The 17-year-old is one of more than 60 youths and advisers who will travel to Jacksonville, Fla., in late May to work with Mission Harvest America to build water-purification systems that will be sent to Haiti.
All the youths are from churches in the Sparta District of the Christian Methodist Episcopal Church, spanning Augusta, Martinez, Evans, Thomson and Waynesboro, Ga.
"I'm blessed by being here in America," said Jones, a member of Stone Chapel C.M.E. Church in Warrenton. "We have things. People in Haiti deserve better conditions, but they don't have them."
Local involvement in the relief effort was inspired by the work of the Rev. Kenneth Carter, the bishop of the 6th Episcopal District of the C.M.E. Church.
"He's worked in Haiti, repairing homes, building facilities," said the Rev. Larry Fryer, the pastor of Stone Chapel. "When he was assigned to Georgia, we took on these projects, too. He's got a heart for this work."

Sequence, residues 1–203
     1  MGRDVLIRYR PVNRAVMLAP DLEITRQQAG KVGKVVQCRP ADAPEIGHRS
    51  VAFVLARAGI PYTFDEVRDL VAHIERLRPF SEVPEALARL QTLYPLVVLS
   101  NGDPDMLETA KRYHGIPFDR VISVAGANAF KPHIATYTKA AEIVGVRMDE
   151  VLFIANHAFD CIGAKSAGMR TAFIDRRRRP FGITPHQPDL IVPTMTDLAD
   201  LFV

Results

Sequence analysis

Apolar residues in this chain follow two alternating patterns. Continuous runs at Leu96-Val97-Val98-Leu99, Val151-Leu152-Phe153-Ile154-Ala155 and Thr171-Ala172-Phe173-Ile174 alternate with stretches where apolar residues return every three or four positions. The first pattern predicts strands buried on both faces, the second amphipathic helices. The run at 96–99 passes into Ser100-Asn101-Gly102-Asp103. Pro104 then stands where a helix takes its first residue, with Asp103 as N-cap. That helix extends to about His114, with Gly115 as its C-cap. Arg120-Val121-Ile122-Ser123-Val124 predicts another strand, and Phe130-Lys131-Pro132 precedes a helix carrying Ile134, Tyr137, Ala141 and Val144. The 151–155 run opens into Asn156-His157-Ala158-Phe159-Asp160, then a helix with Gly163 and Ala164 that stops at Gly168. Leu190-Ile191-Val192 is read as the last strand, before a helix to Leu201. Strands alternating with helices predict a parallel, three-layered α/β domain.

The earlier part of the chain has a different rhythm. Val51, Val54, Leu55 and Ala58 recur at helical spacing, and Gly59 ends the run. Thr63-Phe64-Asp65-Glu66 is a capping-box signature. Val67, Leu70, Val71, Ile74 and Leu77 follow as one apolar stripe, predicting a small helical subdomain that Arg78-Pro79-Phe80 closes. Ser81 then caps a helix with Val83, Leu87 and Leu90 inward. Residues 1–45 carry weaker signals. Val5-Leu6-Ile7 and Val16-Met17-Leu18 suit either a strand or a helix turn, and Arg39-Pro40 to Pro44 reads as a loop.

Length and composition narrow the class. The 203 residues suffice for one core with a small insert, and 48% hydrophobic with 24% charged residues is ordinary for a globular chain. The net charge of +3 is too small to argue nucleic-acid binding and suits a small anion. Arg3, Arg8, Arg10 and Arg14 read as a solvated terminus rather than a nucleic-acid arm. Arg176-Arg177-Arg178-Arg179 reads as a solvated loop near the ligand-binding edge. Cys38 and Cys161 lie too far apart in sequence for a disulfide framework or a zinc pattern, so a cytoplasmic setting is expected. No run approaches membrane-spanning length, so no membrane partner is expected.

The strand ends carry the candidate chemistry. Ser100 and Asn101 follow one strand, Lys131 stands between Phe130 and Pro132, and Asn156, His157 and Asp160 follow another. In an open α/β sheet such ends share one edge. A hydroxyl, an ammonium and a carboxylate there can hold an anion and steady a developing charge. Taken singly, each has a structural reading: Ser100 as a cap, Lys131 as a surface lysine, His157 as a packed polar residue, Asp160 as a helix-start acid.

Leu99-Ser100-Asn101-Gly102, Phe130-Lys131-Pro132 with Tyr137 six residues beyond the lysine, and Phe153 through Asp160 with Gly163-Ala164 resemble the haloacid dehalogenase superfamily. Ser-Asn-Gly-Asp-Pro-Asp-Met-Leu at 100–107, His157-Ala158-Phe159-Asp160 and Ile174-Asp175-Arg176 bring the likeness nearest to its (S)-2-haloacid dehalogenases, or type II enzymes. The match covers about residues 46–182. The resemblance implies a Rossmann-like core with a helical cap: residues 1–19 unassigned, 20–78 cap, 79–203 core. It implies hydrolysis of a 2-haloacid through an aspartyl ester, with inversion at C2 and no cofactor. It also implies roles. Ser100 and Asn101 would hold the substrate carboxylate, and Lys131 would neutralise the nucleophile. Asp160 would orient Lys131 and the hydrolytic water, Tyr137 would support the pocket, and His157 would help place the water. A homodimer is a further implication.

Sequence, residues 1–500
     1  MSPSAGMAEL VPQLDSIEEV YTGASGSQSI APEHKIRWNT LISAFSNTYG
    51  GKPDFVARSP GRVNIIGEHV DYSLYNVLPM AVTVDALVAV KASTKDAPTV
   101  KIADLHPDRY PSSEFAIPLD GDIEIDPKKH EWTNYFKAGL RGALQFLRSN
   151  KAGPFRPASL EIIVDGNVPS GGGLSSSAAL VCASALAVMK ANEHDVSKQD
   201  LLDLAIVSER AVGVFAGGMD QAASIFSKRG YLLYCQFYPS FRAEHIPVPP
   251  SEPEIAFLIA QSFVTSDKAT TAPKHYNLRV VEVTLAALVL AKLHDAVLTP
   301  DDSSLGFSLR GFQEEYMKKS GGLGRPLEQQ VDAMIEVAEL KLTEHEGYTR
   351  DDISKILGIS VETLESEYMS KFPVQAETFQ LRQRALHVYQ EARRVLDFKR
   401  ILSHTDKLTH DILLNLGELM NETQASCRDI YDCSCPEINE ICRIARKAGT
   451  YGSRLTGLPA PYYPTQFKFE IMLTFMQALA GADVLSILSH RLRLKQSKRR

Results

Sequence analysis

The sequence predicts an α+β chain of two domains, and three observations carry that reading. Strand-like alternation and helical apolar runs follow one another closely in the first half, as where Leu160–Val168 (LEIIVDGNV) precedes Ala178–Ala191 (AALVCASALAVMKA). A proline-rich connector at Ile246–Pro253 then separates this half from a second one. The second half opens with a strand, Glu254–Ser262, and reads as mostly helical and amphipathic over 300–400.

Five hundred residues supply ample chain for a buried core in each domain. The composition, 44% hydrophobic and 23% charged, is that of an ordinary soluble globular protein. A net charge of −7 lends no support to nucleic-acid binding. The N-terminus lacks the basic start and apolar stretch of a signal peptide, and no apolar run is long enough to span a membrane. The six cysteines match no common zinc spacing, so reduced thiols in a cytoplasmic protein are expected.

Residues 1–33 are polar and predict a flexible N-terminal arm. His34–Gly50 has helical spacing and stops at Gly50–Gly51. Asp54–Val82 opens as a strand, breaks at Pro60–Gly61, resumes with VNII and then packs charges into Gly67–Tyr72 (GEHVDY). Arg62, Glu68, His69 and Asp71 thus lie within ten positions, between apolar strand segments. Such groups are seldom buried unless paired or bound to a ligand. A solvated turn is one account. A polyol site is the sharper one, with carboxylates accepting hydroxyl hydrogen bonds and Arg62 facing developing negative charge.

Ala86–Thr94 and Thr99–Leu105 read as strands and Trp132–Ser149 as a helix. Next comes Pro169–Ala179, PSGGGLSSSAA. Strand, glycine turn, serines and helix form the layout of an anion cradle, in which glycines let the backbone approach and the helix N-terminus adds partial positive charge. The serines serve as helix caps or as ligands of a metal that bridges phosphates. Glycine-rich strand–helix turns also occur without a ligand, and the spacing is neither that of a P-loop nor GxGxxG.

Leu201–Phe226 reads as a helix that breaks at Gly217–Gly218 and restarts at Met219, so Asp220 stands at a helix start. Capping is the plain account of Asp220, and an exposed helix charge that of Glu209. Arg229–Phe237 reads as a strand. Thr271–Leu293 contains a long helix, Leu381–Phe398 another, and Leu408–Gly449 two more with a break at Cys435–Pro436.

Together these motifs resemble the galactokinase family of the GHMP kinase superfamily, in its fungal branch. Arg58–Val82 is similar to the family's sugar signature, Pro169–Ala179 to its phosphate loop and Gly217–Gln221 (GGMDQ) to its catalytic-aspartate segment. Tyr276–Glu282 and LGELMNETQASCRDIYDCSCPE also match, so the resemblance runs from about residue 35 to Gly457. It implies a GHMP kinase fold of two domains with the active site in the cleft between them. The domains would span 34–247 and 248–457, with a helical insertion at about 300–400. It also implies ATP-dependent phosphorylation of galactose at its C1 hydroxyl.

In addition to sending youths to Jacksonville, Stone Chapel has signed up to raise money for additional water filters in Haiti.
Ricky Jones, Rictavious' father, leads the fundraising project. For $48, members of the community can sign up to sponsor a filtration system. Each filter cleans four or five gallons of water in less than two hours, said Henry Myers, the president of Mission Harvest America.
The organization was founded in 1991 by Dewey Painter and has sent filters all over the world in response to natural disasters.
"In every disaster, there are water needs," Myers said. "Guatemala, Liberia, the Philippines, India, Thailand, Mexico. We've sent them everywhere."
When the youths are in Jacksonville, they'll help assemble the buckets, ship packages and organize the warehouse.
"We depend on volunteers," Myers said. "We're one of the best-kept secrets in the Southeast. People like to get involved, not only because they can send funds, but because they can do something."
More than a year after earthquakes struck Haiti, the need is still great, Fryer said.
"It's out-of-sight, out-of-mind," he said. "People move on. But the truth is, people still don't have places to live. They still don't have water to drink."
Jakobian Jones, 12, says that fact should move people to help.
"It's not right," said Jakobian, Rictavious' cousin and one of the 60 people traveling to Jacksonville. "It makes me thankful. "It could have been me over there suffering."